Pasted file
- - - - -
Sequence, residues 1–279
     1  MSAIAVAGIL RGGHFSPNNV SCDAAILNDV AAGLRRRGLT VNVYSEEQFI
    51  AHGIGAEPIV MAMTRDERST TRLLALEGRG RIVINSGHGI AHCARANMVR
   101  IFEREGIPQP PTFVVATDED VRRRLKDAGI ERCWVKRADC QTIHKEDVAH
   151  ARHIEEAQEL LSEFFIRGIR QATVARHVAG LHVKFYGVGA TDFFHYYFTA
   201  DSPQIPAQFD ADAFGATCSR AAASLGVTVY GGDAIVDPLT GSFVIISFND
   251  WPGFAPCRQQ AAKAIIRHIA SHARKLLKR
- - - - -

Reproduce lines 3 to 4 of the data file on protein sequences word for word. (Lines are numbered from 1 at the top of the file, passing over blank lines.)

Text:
    51  AHGIGAEPIV MAMTRDERST TRLLALEGRG RIVINSGHGI AHCARANMVR
   101  IFEREGIPQP PTFVVATDED VRRRLKDAGI ERCWVKRADC QTIHKEDVAH